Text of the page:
Feds Eye Big Savings from Health Reform

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One of the biggest issues in the debate over health care reform - and biggest concerns about the newly-passed bill - has to do with controlling costs. Last year, Americans spent nearly $2.5 trillion on health care, and that's expected to grow by $100 billion this year.

CBS News correspondent Sharyl Attkisson reports on what's in the health care plan to bring those costs down, as part of our User's Guide to Health Care Reform.

Special Report: Health Care Reform

The big question is how the government can insure an extra 32 million people and save money.

First, there's the so-called "Cadillac tax." Starting in 2018, insurance companies will be taxed 40 percent on their high-end insurance plans - ones with premiums adding up to more than $27,500 a year for a family. Democrats say that's to discourage "overuse" of health care.

There are also provisions to:

Attack waste, fraud and abuse;

Create health insurance exchanges, competitive marketplaces expected to keep premiums low (companies with excessive price increases can be excluded from the exchange); and

Promote value-based payments. That means systems that encourage hospitals and doctors to work together to manage care and share in the savings.

Five hospitals in the West are already doing that in a pilot program devised under the Bush administration.

Medicare pays them a "bundled" flat fee for certain medical procedures. The hospitals and doctors perform the procedures for less through methods like ordering products in bulk and streamlined billing.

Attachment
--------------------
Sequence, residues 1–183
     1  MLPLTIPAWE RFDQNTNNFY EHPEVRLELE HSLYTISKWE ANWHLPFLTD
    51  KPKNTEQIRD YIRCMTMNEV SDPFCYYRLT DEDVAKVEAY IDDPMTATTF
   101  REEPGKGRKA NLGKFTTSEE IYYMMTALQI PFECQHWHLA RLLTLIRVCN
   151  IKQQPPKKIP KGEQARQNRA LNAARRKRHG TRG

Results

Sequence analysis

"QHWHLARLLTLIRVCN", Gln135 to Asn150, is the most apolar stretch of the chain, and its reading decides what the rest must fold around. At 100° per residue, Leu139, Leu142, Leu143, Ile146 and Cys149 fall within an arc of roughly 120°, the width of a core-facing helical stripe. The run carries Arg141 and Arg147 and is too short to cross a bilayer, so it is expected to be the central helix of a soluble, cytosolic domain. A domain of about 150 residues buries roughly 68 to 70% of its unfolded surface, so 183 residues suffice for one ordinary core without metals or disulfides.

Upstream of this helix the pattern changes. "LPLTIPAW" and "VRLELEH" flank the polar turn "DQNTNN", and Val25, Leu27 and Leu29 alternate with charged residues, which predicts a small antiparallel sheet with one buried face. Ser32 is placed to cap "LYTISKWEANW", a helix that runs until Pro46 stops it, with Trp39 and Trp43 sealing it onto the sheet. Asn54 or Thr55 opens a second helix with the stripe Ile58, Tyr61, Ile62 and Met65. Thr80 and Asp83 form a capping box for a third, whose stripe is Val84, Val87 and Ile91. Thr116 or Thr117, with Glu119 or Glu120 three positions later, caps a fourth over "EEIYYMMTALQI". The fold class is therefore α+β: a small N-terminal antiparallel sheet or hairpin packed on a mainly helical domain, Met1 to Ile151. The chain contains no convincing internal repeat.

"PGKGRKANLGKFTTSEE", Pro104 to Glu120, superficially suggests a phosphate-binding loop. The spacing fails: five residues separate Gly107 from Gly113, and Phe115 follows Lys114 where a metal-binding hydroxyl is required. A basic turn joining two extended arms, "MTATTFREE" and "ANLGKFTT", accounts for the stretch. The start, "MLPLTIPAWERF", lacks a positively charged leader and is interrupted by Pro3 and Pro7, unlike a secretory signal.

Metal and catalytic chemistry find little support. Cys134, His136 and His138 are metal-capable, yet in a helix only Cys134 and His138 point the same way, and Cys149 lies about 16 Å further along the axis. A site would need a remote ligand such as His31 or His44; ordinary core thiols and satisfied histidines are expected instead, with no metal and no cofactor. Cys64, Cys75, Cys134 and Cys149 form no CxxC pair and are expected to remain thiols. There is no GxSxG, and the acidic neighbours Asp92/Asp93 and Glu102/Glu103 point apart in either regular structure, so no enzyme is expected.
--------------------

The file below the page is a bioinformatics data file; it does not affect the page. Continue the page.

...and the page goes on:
"Costs have gone down for Medicare as the provider and the quality has gone up for the patients," said David Fox, a surgeon for Northeast Orthopedics.

With San Antonio Baptist's five pilot hospitals, Medicare has saved $1 million in nine months. Hospitals saved $2 million. And the patients can get a government rebate check from $300 to $1,100.

Results like that are the promise of health care reform. Yet many states are skeptical; 13 are suing the federal government on constitutional grounds. And they argue that Medicaid expansion will force them to create new bureaucracies and further strain their budgets.

According to Alabama Attorney General Troy King, the Obama administration picked a bad time to say, in King's words, "'We're going to make you spend more money on a deal that we've cooked up that doesn't even comply with the Constitution."

Texas alone predicts the president's health care reform plan will cost that state $24 billion over 10 years. The federal government may be planning big savings, but some states say it will come at a huge cost to their residents.

More Details of the Bill:
Summary of What's in the Bill
Uninsured? What the New Bill Means for You
Already Insured? Get Ready to Pay More
Feds Eye Big Savings from Health Reform
How Health Reform Affects Small Businesses
Provisions Which Take Effect in Short-Term
Read the Text (PDF): Complete Senate Bill | Reconciliation Measure

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    Sharyl Attkisson is a CBS News investigative correspondent based in Washington.